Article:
4 March 2016
End Mountain has long been on my radar, especially because it’s along the line of mountains that I can see from my apartment in Calgary. After completing a thoroughly enjoyable loop to Association Peak with Richard a year ago, I decided that this year I would slog up neighboring End Mountain – a recent trip report by Phil on ClubTread gave me a further push, as he described a new option to gain the summit directly via the east slopes. I also liked the idea of hiking across reserve land along Old Fort Creek, which would be a more interesting and slightly shorter approach than going over the Yamnuska east shoulder. For this, a permit from the Stoney Nakoda First Nation is required, but we had no problems obtaining one. Priyesh joined me on this trip and his company made the outing simply delightful. This was our first big trip together with just the two of us and I learnt that not only was this boy one hell of a powerful hiking machine that made me lose my breath, he was also the most uplifting, fun and cheerful climbing partners to be around!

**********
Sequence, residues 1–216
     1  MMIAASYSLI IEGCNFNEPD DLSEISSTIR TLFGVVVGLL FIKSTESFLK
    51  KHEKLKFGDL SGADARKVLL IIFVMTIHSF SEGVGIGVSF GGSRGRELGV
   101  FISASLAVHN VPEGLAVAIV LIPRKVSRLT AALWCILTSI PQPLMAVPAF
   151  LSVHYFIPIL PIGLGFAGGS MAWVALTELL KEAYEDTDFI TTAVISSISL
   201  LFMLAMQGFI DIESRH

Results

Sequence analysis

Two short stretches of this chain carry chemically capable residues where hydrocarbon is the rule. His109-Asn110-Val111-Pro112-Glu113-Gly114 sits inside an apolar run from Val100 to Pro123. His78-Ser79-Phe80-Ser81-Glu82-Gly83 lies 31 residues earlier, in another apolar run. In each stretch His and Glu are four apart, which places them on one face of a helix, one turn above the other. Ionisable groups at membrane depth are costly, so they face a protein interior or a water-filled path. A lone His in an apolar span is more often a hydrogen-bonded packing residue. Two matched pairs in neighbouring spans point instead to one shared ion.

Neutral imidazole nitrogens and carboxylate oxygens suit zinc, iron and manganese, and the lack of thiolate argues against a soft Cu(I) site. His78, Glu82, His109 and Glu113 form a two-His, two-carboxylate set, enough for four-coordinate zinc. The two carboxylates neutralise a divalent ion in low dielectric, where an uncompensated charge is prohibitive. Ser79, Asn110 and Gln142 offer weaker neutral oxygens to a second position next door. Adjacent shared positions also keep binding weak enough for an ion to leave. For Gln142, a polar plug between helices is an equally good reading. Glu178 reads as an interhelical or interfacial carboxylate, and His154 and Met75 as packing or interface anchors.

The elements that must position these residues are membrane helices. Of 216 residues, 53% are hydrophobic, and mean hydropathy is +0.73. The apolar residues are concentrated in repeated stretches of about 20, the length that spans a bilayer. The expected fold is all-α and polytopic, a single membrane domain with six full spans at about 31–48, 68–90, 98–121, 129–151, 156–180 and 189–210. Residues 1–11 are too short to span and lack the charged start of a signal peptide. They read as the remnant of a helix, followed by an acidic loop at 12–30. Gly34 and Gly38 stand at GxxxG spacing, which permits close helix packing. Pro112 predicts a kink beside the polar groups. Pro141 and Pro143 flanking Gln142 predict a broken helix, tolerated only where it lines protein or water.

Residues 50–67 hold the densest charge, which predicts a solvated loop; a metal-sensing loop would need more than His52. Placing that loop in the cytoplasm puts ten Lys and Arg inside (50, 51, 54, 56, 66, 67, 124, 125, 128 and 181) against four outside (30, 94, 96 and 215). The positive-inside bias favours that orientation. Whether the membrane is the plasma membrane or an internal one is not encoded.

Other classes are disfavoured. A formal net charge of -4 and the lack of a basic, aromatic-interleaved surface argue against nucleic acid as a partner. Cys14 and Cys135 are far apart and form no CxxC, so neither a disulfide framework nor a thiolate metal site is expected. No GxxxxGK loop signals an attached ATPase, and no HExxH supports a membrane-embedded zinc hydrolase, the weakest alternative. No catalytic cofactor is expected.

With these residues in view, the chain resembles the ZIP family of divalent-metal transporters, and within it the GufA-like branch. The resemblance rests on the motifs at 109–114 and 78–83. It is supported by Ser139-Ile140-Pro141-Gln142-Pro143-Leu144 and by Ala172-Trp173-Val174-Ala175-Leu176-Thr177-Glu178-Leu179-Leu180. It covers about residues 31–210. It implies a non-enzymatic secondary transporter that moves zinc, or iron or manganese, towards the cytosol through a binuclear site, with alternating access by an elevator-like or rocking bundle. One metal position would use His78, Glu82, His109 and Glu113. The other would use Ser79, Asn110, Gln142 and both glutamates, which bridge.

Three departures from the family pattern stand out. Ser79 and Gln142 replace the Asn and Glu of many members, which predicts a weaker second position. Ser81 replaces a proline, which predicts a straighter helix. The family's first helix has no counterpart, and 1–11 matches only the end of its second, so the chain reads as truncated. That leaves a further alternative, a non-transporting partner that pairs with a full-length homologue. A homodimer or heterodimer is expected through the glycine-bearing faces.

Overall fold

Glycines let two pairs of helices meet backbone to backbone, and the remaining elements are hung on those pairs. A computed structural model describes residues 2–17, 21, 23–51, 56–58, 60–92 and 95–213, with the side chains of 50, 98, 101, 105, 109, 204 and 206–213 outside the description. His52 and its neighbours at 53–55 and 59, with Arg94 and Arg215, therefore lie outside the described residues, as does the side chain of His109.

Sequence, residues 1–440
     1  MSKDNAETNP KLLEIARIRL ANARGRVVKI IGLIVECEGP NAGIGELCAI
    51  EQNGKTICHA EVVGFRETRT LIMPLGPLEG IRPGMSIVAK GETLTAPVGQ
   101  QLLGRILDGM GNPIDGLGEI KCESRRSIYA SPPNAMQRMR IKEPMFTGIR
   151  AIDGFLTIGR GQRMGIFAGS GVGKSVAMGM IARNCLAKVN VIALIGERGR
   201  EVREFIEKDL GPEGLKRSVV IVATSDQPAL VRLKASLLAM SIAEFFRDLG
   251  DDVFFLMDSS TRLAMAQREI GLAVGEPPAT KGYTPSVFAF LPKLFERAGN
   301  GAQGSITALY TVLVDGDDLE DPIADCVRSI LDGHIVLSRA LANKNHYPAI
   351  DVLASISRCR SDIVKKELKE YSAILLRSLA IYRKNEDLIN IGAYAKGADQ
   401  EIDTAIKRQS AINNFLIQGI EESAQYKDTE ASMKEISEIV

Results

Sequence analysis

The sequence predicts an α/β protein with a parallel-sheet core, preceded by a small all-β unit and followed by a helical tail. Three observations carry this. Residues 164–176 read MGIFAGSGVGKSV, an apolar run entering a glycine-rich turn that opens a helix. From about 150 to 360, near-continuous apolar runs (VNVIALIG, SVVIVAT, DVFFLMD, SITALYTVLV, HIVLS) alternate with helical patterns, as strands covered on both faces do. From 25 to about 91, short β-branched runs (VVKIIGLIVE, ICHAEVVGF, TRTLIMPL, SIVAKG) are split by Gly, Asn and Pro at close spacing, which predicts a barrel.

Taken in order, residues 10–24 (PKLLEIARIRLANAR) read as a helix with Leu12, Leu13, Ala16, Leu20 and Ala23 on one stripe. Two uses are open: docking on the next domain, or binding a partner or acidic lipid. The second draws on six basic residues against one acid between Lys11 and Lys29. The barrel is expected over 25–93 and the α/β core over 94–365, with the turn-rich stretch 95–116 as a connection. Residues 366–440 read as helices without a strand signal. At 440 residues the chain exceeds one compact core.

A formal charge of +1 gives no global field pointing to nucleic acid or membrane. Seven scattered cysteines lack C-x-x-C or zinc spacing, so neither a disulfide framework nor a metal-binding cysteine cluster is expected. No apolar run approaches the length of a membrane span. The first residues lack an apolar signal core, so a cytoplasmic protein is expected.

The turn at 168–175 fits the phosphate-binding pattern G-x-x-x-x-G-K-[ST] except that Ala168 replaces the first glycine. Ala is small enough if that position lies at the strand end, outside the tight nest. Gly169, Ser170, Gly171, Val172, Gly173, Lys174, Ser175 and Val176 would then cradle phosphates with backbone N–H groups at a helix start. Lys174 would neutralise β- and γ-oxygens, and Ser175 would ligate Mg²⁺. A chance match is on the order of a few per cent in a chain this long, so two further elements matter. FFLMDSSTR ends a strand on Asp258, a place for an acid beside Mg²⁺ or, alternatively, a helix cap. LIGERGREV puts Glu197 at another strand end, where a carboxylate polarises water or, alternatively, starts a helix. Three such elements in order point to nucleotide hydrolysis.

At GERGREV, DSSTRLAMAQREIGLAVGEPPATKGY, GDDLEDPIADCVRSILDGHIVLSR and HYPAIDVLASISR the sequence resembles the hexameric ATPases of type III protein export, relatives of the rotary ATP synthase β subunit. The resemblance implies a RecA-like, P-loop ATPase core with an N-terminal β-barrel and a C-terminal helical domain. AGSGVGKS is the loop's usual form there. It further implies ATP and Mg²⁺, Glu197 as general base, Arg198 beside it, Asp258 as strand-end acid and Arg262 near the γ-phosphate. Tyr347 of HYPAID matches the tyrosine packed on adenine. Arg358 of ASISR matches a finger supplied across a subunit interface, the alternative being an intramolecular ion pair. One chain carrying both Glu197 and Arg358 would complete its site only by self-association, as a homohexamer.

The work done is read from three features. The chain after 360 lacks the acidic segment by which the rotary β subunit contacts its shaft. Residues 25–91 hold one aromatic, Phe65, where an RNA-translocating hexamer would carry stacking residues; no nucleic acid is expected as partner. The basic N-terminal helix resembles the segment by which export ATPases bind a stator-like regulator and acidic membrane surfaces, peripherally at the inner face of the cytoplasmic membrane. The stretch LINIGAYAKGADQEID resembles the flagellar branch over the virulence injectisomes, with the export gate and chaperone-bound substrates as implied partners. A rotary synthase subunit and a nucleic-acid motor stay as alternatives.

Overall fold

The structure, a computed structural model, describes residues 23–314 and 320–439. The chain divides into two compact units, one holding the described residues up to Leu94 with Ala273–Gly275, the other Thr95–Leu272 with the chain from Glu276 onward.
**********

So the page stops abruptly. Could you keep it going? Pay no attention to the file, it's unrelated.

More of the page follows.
We parked at the entrance to the Stoney Nakoda Resort on Highway 1A just west of the Yamnuska parking lot. Across from this entrance is a gravel road that goes north for a few hundred metres, then takes a sharp left turn and follows a good mud road for a while. At the end of this road we ran into a local from the reserve who had set up camp here with his friends who were already out hunting. He and his son were just getting out of their tent and seemed to welcome the opportunity for an early morning chat with us. After some friendly banter, they wished us well for our hike and we were on our way, following a good network of paths that after a few km led us to Old Fort Creek. Everything was covered in a foot of snow, which was a bit tedious and slowed us down. Just before reaching the creek, after a sharp turn in the forest, we unexpectedly ran into a group of hunters on horseback. The three appeared just as surprised as us, but after a friendly good morning and an explanation of what we were doing here, they warmed up and gladly showed us their hunting rifles. They were going after cougars, bears (yes, they were out of hibernation very early this year!), deer,… anything really. A stern warning to watch out for cougars who apparently lurk high up in the trees, waiting to pounce on their prey, kept us wondering for a while just how serious this danger is.